Looking over the Christina River and its fringing marshes.
Wilmington, Delaware is in the background.
Every other month or so on a Friday morning, 10 of my colleagues and I gather for two hours of professional development, camaraderie, bitch sessions, and a sub sandwich lunch. The venue circulates amongst our various organizations. Yesterday, we met (for the first time) at the nearly new DuPont Environmental Education Center built in the marshlands on the banks of the freshwater tidal Christina River in Wilmington, Delaware
Like all tidal marshes on the East Coast, the marshes of the Christina River have been abused during the centuries of European settlement. The location selected for the environmental education center had actually been filled with fly ash generated by coal-fired power plants. To erect the building, the ash was excavated, and 212 acres of marshes were restored.
After tidal flow was re-established, though, a monoculture of Phragmites (common reed) quickly took over, limiting the ecological value of the new marsh. So, the caretakers worked to control the Phragmites, and did a pretty good job. Then, the marshes were overwhelmed by narrow-leaf cattail, another invasive species. which is where the situation currently stands. Fortunately, there are clones of native broad-leaf cattail among the non-native cattailsin the marsh, and there are extensive and spreading stands of wild rice, which the land stewards safeguard and encourage.The environmental education building was actually built and is owned by a municipal authority charged with trying to re-develop and re-energize the Christina riverfront. The redevelopment authority leases the building to the Delaware Nature Society for environmental education, but it also hosts parties on the upper floor for well-heeled clients. The building, which is not LEED certified (i.e., is not especially environmentally friendly), and the extensive new boardwalk through the marshes cost $11.3 million. Yikes! That's a lot of parties to host to pay back that investment. But the building is shiny, new and has a lot of "wow" factor, and the view from the upper floor over the river and marshes is breathtaking.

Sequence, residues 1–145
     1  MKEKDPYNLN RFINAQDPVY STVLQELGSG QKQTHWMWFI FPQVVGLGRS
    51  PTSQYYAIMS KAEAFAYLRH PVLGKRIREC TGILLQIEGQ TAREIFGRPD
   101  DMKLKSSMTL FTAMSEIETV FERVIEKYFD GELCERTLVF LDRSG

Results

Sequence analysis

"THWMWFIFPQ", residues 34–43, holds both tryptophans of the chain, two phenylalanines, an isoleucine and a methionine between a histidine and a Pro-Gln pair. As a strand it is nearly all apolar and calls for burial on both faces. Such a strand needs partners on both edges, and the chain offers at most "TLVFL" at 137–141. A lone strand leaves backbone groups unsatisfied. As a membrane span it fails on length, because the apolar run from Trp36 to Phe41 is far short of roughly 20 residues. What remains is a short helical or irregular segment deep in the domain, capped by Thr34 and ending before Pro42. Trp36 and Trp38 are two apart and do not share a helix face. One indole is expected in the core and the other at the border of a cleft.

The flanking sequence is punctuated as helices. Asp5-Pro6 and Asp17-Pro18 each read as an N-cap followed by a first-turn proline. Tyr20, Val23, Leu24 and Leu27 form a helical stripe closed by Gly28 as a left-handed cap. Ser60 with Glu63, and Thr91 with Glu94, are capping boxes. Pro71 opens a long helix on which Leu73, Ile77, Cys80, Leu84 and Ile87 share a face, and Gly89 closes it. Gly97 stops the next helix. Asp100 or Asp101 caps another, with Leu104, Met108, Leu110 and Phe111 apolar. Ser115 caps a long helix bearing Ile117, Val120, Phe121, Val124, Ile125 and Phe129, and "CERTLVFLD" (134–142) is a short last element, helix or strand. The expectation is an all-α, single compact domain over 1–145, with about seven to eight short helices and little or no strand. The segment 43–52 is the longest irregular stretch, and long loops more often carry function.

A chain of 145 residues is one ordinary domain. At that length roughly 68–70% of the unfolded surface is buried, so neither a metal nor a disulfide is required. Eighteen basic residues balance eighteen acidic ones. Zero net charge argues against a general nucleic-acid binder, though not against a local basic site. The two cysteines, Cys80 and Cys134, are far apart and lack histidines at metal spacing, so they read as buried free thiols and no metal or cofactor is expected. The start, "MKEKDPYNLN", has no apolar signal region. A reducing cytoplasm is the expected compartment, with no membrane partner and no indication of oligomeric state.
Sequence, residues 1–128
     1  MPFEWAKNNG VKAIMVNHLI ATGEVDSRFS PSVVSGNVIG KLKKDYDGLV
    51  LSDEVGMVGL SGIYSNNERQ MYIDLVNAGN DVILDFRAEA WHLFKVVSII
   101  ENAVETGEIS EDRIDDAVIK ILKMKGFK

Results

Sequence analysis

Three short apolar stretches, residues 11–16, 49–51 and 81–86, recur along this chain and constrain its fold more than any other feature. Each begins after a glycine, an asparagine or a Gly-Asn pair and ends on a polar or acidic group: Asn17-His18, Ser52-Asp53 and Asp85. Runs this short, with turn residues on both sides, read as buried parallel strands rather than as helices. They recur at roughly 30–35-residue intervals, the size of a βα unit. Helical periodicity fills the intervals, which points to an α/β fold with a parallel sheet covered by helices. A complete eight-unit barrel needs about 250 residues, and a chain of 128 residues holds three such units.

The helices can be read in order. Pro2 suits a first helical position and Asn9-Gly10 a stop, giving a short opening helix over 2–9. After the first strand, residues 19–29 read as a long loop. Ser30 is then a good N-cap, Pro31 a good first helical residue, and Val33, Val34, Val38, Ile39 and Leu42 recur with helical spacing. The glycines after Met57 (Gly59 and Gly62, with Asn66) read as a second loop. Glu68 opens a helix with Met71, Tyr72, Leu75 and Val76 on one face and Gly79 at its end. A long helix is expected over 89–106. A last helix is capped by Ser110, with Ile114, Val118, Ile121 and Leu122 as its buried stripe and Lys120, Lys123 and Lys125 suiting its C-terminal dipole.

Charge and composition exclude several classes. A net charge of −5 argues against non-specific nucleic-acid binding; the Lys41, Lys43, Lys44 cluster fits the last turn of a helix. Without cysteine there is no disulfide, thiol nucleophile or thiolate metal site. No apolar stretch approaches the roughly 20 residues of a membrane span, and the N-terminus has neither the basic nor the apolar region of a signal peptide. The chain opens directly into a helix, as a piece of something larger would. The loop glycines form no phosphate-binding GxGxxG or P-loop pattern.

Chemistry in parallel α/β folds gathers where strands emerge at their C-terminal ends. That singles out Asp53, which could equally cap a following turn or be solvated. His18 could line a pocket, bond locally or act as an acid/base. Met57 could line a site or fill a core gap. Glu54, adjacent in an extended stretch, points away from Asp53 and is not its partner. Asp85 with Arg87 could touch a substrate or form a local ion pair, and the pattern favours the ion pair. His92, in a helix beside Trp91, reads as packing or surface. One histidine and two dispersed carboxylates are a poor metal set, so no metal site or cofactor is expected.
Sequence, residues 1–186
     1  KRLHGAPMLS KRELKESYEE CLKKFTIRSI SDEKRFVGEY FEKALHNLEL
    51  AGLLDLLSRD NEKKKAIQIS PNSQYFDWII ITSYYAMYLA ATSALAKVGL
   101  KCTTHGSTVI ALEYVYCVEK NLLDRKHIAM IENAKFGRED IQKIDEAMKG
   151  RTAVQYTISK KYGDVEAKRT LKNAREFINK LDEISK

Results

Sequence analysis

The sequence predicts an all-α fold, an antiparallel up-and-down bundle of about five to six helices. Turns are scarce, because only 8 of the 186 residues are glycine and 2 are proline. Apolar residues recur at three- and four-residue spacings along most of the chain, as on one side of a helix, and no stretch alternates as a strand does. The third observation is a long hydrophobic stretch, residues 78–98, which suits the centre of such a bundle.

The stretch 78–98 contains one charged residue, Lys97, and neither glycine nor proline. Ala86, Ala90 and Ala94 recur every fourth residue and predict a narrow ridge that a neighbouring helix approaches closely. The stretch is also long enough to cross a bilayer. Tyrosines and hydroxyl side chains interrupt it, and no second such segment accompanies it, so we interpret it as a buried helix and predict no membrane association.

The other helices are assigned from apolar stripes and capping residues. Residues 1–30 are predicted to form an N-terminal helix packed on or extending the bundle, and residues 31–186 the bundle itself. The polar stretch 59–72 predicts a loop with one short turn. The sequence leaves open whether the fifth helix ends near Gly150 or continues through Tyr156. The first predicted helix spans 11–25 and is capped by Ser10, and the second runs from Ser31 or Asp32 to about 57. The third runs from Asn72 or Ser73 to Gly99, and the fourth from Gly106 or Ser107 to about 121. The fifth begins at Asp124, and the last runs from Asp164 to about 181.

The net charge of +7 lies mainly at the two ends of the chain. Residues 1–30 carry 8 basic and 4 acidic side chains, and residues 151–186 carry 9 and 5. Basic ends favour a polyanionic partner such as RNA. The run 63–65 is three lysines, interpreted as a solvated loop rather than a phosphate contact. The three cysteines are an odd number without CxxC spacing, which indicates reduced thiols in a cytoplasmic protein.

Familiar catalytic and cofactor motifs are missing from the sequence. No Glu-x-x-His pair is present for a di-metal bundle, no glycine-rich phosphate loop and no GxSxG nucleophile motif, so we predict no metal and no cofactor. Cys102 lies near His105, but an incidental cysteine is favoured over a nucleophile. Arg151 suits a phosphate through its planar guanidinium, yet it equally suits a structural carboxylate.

Artwork gracing the entrancewayUnfortunately, an active railroad line separates the building from the main commercial part of the Christina riverfront, so the site is somewhat isolated. For birders and nature lovers, that's a plus, but for casual visitors and the general public, visiting requires making a real effort. The railroad would not allow an at-grade publicly-accessible crossing, so the redevelopment authority was forced to build a long, 3-story-high pedestrian bridge to span the tracks (visible on the right in the image above the owl sculpture). It's an impressive entrance experience, but the Delaware Nature Society feels that it puts off some potential visitors.